Jayapura, (10/23)—Police today attacked a journalist covering a rally organised by the West Papua National Committee (KNPB) in Manokwari in West Papua. Oktovianus Pogau, a reporter with Suara Papua and a contributor to the Yayasan Pantau, was beaten by five policemen while trying to take pictures of police use of excessive violence against the KNPB demonstrators in front of the State University of Papua, Manokwari. Pogau had displayed his press card, but some police did not stop the beating. He sustained injuries to his face. The security forces had attempted to stop the rally but the KNPB activists went on with the demonstrations.
In Jayapura, police dispersed thousands of demonstrators using the water cannon and tear gas. In Manokwari, five people were reportedly shot but it is still not clear their conditions.
SEAPA’s executive director Gayathry Venkiteswaran said, “We deplore the aggression used against the demonstrators and especially journalists, who are on duty. Papua has been a particularly difficult and dangerous place for the media and such kinds of abuse will further deny the rights of the people to news and information.”
She said SEAPA raised concerns about the violence against journalists in Papua and the restrictions placed on foreign journalists in its submission to the Human Rights Council on the occasion of Indonesia’s Universal Periodic Review.
“The threats of impunity, of not bringing perpetrators of violence against media personnel to justice, is problem that has pushed backs Indonesia’s gains in media freedom in the last decade or so,” she added.
In 2011, two journalists were killed in Papua, eight were kidnapped and 18 attacked. Foreign journalists are required to apply for special permits to enter and cover stories in Papua since Indonesia took over the administration of West Papua in 1963. Only three news organizations, including BBC, obtained the permits last year.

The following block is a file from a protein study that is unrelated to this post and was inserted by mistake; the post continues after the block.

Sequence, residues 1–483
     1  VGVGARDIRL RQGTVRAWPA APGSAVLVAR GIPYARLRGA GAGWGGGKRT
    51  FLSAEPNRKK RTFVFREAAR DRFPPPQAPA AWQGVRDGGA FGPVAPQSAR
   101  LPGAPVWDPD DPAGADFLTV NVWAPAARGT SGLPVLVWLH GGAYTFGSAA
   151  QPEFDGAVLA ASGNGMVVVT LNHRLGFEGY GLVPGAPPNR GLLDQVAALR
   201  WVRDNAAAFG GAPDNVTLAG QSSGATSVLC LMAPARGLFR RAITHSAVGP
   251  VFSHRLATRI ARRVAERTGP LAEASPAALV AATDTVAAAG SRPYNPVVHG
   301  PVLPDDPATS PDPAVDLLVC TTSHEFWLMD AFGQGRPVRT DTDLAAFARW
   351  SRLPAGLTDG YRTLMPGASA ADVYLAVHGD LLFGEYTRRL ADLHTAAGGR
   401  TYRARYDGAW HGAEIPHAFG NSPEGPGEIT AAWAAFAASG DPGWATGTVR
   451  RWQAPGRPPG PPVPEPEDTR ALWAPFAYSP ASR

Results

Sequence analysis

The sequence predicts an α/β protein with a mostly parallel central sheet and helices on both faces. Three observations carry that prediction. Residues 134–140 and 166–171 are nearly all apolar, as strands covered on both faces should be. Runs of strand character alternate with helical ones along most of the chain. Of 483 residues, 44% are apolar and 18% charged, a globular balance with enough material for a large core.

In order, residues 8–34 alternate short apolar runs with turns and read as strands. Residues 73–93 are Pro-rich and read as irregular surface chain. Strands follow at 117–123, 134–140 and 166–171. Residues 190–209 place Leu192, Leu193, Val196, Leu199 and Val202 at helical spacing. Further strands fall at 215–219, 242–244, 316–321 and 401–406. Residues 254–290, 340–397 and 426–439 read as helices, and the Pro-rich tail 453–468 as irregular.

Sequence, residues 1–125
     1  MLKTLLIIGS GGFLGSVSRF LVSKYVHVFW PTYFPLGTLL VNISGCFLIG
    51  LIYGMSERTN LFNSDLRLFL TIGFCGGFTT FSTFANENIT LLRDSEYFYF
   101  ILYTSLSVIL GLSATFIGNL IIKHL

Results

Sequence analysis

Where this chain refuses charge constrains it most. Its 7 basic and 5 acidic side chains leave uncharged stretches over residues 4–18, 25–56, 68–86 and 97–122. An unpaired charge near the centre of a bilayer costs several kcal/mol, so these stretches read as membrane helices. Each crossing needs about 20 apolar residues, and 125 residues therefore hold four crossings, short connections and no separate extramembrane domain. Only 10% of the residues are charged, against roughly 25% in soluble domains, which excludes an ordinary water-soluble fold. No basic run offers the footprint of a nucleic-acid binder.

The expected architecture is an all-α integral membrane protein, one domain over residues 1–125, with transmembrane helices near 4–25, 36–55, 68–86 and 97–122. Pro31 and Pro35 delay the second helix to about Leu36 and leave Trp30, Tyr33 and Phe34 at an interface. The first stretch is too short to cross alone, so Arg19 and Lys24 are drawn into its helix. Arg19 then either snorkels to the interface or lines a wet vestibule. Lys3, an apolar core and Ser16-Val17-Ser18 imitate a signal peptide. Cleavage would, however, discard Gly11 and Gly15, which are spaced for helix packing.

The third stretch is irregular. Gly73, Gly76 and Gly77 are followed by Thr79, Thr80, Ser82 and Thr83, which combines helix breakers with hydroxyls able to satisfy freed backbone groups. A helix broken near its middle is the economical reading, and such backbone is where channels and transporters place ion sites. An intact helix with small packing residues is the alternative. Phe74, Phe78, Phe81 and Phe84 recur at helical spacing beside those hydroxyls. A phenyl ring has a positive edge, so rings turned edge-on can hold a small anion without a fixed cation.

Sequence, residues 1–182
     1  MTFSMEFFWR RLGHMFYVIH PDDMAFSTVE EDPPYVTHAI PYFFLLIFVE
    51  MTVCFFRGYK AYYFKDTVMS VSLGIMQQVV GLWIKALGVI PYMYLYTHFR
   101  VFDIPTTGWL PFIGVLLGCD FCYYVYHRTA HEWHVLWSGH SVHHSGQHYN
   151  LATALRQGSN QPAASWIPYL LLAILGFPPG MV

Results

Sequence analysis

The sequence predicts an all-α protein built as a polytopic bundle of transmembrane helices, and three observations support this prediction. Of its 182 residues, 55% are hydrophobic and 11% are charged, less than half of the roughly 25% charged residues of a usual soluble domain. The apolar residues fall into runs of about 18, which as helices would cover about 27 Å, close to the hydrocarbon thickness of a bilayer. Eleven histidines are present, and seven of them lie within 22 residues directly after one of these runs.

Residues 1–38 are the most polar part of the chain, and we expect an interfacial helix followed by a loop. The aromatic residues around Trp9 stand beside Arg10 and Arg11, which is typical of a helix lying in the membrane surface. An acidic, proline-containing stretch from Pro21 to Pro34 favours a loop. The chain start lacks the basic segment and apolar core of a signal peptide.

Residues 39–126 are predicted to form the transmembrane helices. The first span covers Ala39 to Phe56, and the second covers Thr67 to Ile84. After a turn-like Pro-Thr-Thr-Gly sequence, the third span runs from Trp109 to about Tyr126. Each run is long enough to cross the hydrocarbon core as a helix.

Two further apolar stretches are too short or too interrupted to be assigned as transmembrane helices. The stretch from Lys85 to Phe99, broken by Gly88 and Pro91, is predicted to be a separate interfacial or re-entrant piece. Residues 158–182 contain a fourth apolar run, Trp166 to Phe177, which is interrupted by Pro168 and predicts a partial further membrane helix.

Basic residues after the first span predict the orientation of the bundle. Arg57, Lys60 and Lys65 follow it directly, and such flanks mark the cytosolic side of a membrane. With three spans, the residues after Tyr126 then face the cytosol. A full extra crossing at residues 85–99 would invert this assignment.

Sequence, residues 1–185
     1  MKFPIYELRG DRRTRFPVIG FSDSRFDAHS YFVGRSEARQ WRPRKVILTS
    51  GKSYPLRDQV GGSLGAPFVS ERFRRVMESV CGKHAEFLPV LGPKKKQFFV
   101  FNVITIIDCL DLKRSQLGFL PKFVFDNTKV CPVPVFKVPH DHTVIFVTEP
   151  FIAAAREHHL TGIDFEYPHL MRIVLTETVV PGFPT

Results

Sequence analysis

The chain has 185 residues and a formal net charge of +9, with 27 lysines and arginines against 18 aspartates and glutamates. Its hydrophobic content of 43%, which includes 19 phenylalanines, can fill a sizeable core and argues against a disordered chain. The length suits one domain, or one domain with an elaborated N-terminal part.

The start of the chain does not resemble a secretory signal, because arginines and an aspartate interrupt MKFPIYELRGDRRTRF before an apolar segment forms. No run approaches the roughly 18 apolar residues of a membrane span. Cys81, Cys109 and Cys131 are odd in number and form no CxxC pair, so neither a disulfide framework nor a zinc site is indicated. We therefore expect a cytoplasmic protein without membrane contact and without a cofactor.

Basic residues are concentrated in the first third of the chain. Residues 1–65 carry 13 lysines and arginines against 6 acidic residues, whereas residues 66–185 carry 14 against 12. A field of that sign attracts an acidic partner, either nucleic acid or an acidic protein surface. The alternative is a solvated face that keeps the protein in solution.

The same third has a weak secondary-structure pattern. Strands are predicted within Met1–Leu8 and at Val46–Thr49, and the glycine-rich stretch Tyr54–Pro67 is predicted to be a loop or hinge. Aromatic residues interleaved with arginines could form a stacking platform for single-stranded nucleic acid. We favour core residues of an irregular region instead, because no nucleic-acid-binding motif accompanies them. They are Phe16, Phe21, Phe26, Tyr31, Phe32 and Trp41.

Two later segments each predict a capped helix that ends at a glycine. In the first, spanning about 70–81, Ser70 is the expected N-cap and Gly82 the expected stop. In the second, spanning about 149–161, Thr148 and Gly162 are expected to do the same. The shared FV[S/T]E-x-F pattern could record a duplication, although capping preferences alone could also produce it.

Pantau Foundation and the Southeast Asian Press Alliance condemn the attacks against the media, especially in Papua where activists, human rights defenders and journalists are frequently targeted for their work. Since October, two veteran human rights defenders, respectively from Wamena and Jayapura, have moved out of Papua due to serious threats against them.
SEAPA and Pantau Foundation has issued join statement in Jakarta, today (23 October 2012) to call on the police to:
1. Respect the rights of citizens to freedom of expression;
2. Ensure the safety of Oktovianus Pugao;
3. Stop all forms of violence against journalists;
4. Arrest and prosecute the perpetrators of violence.
They also call on the Indonesian government to:
1. Open up Papua to international journalists and human rights monitors; and
2. Guarantee the rights of all journalists working in West Papua to ensure they can work free of violence, hindrance or intimidation from any members of the security forces *